Brave Care
20 Jan 2023Brave Care

Infant and Child CPR

A simple guide from guest author The Mama Coach, Alexandra Klenovich

Infant and Child CPR

Here's what you should know

Do something, and do it fast. RECOGNIZE, ACTIVATE, DO. 

Recognize if an infant or child is in trouble and in need of help. Activate help, call 9-1-1 as soon as possible. Do, perform high quality CPR. 

In CPR or Cardio-Pulmonary Resuscitation (CPR), time is very important. When you have an unconscious little one, damage can begin after only a few minutes without oxygen. Acting early and fast can significantly increase the chance of survival. 

Home Care Tips to Performing CPR

  • Check to see if the infant or child is awake and breathing normally. Tap and shout. 
  • If not breathing normally or at all, place the child or infant is on their back on a firm flat surface and remove their top or clothing so you can see their chest. 

  • If you are alone and your cell phone is not close, perform 5 cycles of CPR or 2 minutes (30 compression and 2 breaths = 1 cycle) before calling 9-1-1. 
  • If your cell phone is near, call 9-1-1 right away and then begin CPR after placing the phone on speaker. 
  • If there is help, have them phone 9-1-1 and get an AED if available while you begin CPR. 

Infant (under one year of age): 

  • Place 2 fingers of one hand on the breast bone (just below the infant’s nipple line) and push down 30 times at a depth of 1 1/2 inches. Be sure to let the chest return to neutral position after each compression
  • Aim for 100-120 compressions per minute. At the end of 30 compressions you will then give 2 breaths. 
  • For the two breaths, open the airway by using a head-tilt, chin-lift technique. You will want to cover their nose and mouth with your mouth and blow in two breaths over 1 second each. 
  • Repeat cycles until they become conscious or help arrives. 

Child (12 months to armpit hair (puberty)):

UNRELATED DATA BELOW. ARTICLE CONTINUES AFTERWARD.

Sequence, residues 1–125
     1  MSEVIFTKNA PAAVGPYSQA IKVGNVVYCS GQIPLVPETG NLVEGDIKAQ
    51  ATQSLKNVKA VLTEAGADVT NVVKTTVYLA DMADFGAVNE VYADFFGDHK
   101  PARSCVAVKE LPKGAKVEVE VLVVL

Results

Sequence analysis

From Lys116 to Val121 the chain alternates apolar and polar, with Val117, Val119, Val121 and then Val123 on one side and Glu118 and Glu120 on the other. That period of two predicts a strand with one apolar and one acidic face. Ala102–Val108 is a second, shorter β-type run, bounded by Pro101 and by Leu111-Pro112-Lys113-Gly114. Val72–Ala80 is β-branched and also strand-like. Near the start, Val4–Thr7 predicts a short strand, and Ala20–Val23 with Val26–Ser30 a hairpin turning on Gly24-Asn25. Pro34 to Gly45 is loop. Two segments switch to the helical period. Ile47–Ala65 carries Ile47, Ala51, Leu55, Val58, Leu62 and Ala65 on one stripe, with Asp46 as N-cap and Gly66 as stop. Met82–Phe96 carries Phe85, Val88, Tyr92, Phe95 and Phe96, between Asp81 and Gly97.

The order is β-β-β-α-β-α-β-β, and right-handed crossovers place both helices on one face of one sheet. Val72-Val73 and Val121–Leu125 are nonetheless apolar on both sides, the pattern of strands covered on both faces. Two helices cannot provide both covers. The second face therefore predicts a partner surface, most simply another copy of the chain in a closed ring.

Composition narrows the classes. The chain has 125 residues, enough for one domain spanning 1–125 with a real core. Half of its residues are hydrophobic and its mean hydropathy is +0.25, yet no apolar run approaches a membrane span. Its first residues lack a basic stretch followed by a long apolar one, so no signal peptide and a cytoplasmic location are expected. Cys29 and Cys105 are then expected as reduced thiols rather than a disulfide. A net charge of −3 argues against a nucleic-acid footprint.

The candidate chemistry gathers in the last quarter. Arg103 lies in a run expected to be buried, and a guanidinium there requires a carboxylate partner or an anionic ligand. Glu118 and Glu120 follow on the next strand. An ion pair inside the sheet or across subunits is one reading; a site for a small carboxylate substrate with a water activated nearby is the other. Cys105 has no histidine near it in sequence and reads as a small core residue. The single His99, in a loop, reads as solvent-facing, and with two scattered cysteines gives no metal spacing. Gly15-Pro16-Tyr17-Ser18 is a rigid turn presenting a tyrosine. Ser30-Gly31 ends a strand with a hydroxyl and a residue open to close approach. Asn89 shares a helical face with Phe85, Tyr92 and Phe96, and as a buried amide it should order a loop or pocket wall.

• Place the heel of your hand or two hands stacked (for larger child) over the lower half of breast bone, just below the child’s nipple line. Push down 30 times at a depth of 2 inches. Be sure to let the chest return to neutral position after each compression. 
  • Aim for 100-120 compressions per minute.At the end of 30 compressions you will then give 2 breaths. 
  • For the two breaths, open the airway by using a head-tilt, chin-lift technique. You will want to pinch nose and blow into their mouth. Blow in two breaths over 1 second each. 
  • Repeat cycles until they become conscious or help arrives. 

It should be noted that if the infant or child lost consciousness (become unresponsive) because of a a severe choking obstruction, the following consideration should be made while providing CPR.  When opening the airway to give breaths, each time, LOOK in the throat for the object. If you see the object in their MOUTH, remove it. DO NOT, however do a blind finger sweep as this could lodge the obstruction further. 

Considerations for AED

If you are in a place that has an AED accessible. You will want to have someone retrieve it fast and use it. An AED or Automated External Defibrillator (AED) can detect an abnormal heart rhythm. For an abnormal heart rhythm it requires a shock of electricity in order for the heart to return back to its normal rhythm. The AED will assess and decide if it is appropriate to provide a shock, with your assistance. 

How to use it?

  • Turn AED on, follow prompts
  • Attach pads to bare chest
  • Let AED analyze the heart rhythm
  • Is a shock advised? It will tell you this.
  • Resume CPR as soon as possible

Child pads are designed for 8 years and younger.  When in doubt, use adult pads. The pads, will have a photo on them showing where they should be placed on the body. If it is a child and there is only adult pads, place one pad over the heart and the other pad on the child’s back. One pad on top and one of the bottom with the heart in the middle. This will help to be sure that the electricity from the shock, if needed, is sent where it needs to go. 

Final Thoughts 

CPR is something that should be on every parent or caregivers resume. Knowing how and when to respond in an emergency like this and feeling comfortable starting CPR is a skill to be learned. If you would like more information or are interested in taking an Infant and Child CPR/Choking Class, please reach out to the Brave Care team or Alexandra-The Mama Coach. 

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